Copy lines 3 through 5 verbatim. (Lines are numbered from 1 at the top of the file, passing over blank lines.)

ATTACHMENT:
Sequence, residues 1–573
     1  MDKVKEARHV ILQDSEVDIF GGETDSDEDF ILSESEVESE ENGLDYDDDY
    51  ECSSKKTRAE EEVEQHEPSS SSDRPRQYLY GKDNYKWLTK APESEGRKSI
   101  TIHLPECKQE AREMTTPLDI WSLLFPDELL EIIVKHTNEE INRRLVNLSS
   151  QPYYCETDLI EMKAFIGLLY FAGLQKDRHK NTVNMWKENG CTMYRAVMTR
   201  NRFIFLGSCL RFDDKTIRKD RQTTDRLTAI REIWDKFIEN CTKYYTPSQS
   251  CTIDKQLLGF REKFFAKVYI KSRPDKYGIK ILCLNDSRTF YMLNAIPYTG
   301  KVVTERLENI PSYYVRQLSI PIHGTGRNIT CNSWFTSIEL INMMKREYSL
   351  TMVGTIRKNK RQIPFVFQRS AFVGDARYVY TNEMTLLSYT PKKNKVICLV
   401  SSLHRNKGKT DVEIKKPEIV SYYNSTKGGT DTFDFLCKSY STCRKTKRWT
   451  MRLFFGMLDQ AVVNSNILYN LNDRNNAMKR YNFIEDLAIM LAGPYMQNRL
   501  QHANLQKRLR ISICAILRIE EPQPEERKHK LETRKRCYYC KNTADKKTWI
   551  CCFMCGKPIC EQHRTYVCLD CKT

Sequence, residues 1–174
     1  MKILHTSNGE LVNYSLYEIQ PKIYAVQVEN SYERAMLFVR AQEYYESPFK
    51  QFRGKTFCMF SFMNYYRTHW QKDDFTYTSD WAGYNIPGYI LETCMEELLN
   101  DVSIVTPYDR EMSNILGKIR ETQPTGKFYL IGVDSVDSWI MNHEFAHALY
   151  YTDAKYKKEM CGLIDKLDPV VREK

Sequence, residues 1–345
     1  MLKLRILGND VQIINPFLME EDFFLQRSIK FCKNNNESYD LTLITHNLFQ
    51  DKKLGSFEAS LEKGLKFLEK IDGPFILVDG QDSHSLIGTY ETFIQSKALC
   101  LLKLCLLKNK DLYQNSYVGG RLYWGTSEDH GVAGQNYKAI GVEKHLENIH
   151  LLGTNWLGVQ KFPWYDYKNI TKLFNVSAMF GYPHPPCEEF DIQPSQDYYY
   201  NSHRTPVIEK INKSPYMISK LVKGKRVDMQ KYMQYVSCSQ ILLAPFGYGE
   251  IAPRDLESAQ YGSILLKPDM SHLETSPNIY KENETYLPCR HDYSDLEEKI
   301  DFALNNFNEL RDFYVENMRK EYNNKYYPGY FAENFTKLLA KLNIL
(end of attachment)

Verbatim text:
    51  ECSSKKTRAE EEVEQHEPSS SSDRPRQYLY GKDNYKWLTK APESEGRKSI
   101  TIHLPECKQE AREMTTPLDI WSLLFPDELL EIIVKHTNEE INRRLVNLSS
   151  QPYYCETDLI EMKAFIGLLY FAGLQKDRHK NTVNMWKENG CTMYRAVMTR